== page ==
Erika Howsare



No glass recycling? Let’s not toast to that.

No glass recycling? Let’s not toast to that.

When we were informed a few months ago that our home county, Nelson, would no longer take glass at its recycling center off Rte. 151, we certainly did not feel like breaking out the bubbly. We generate more glass than any other type of recyclable. So not to have an eco-approved outlet for that stuff has resulted in some major distress.

Let’s hear it for freecycle!

And, while we’re at it, let’s hear it for Apartment Therapy Re-Nest, one of my favorite green-living blogs. A while ago on Re-Nest I spotted this post, about turning a reclaimed futon frame into a lovely, Japanese-ish front gate for a city house.

You should go to GreenMatters

Why, you ask? Because, A), passive is the new active, and B), it’s free, not to mention C), it won’t last forever, plus D) all the carbon-neutral kids will be there. GreenMatters is the free green-your-home workshop series hosted by the Habitat Store, itself an essential resource for the reuse/recycle set, and it’s been chugging along for well over a year now. Anyone who’s gone to all the workshops since they began in May 2007 is, at this point, pretty well-versed in the basics of making one’s household a less impactful place.

Green-ranking cities: tricky business

Looky here: Another ranked list of American cities. This one’s all about who’s greenest among our fair nation’s 50 largest towns. It’s published by SustainLane.com, and I spotted it on the New York Times blog Dot Earth. If you want to get a quick taste of how complex a task it actually is to rank major urban areas on their so-called sustainability, read the comments on that post as well as SustainLane’s explanations of their methods. We’re talking some serious visual aids and some serious statistical angst, people.

Paying people not to pollute

No, I do not refer to cap-and-trade systems for controlling industrial emissions. I speak of an ad I spotted last week for the eco-fabulous Richmond grocer Ellwood Thompson’s, which is offering customers 25 cents off their bills if they walk, bike or take the bus to the store. It’s called the EnviroCredit, and the company’s website hints at more such initiatives to come.

Keep it simple, sustainable

Keep it simple, sustainable

Know what? If you paint the concrete floor of a bus maintenance garage white, it will encourage workers to keep it clean. And you know what else? If you line the hallways of a school with vertical wood planks interspersed with full-length mirrors, it will make students feel like they’re walking in the woods.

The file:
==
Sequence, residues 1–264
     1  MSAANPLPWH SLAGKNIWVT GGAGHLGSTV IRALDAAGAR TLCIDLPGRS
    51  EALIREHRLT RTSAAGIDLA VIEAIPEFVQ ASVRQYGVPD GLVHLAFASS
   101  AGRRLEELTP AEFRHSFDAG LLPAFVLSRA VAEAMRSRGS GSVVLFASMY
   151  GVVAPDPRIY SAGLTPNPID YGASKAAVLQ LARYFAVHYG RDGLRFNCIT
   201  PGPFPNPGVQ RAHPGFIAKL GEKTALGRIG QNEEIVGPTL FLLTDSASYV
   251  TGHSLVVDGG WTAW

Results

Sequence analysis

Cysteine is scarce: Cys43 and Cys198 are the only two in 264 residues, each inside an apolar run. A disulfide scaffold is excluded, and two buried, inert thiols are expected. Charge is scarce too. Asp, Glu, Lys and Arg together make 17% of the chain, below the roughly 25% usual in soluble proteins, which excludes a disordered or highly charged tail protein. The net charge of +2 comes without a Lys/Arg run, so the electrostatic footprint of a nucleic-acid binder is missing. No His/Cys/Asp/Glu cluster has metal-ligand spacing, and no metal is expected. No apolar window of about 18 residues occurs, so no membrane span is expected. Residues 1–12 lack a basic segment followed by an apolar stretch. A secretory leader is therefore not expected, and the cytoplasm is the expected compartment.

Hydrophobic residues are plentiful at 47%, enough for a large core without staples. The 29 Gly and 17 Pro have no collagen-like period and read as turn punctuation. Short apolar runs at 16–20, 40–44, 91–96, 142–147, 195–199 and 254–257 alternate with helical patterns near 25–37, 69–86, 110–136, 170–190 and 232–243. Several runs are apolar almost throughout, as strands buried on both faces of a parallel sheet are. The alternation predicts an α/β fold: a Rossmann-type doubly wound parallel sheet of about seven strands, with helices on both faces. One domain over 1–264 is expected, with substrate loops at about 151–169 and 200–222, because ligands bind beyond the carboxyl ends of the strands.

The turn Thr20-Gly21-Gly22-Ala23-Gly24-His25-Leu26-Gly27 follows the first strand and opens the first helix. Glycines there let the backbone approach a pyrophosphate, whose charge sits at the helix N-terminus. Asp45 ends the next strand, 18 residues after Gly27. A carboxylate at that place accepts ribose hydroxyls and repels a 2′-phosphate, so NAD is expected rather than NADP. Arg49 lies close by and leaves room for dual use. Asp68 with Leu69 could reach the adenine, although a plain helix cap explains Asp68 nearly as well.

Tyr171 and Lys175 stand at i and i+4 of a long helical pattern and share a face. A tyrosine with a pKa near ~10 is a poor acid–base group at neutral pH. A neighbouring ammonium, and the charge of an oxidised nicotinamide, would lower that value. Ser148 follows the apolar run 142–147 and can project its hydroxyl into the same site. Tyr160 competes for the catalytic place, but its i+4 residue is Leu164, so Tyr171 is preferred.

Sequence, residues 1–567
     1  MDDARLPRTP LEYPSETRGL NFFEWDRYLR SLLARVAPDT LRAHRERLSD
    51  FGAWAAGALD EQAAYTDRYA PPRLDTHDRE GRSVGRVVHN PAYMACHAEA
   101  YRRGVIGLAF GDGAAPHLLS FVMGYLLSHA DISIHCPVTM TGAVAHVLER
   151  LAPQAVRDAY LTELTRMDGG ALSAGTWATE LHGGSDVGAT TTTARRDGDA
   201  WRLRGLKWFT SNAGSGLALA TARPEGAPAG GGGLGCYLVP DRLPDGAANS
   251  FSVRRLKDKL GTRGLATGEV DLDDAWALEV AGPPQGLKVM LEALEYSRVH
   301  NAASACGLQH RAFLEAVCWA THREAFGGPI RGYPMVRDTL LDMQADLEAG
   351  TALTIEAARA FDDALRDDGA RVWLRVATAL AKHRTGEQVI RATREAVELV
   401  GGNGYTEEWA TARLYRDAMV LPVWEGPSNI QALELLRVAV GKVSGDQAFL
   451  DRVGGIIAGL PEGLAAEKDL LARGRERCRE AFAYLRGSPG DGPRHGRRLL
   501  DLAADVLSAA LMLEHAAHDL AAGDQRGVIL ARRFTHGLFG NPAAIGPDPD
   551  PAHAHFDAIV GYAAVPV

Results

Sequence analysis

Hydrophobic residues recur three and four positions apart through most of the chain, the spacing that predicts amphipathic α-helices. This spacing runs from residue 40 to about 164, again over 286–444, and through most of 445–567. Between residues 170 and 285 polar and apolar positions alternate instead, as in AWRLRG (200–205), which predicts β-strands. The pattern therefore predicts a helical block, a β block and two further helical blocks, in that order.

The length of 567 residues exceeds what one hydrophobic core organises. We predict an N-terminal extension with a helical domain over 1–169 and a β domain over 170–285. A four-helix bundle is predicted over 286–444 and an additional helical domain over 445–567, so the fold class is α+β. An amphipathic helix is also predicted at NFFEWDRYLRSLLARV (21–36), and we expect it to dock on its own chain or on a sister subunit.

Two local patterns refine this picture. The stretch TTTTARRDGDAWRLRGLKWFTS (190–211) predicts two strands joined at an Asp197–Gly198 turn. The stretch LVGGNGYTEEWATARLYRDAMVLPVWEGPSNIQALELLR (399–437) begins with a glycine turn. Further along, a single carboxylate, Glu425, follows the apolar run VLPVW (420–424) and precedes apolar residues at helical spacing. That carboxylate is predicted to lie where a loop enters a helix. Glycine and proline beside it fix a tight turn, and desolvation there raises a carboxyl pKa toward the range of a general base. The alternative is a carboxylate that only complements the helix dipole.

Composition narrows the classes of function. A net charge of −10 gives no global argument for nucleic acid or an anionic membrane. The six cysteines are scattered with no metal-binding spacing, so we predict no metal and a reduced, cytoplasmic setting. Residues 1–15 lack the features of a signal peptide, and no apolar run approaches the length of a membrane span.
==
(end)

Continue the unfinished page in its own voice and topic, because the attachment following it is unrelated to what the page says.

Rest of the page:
Sounder sleep

Sounder sleep

Now here’s a truly cool project. A bunch of UVA students (in architecture and engineering) spent last Friday assembling, at the Cobham home of architecture prof John Quale, structures they’d designed to shelter two sleeping people. The rules were that the structures had to be made from recycled, reclaimed or natural materials; that materials had to be recycled after the project; and that each structure could take no more than two hours to assemble and cost no more than $10.

Windy houses and a sunny school

So far, we haven’t seen any large-scale shift in American energy habits (the closest I’ve noticed are the stats about many drivers cutting down on their gas usage). But little changes are making news, like these two recent items about renewable energy coming to our area.

Another LEED house in Crozet!

Another LEED house in Crozet!

Back in the April issue of Abode, I wrote about a house Upstream Construction was building in Crozet for Brian and Joan Day. As I pointed out then, it’s notable not only because it’s a custom house with many green features, but because the Days are both environmental professionals who decided to open their house to the public during and after construction, so people could take a look and learn a thing or two. Well, Upstream recently wrapped up construction and the Days held a final open house event to show off their LEED-worthy dwelling.

Hello, conscious-living readers!

Boy, am I excited to be introducing our brand-new blog, Green Scene. I see this as a chance to talk with all of you on a regular basis about things that interest me anyway: everything from figuring out how to set up a rain collection system at my house, to local debates between developers and preservationists.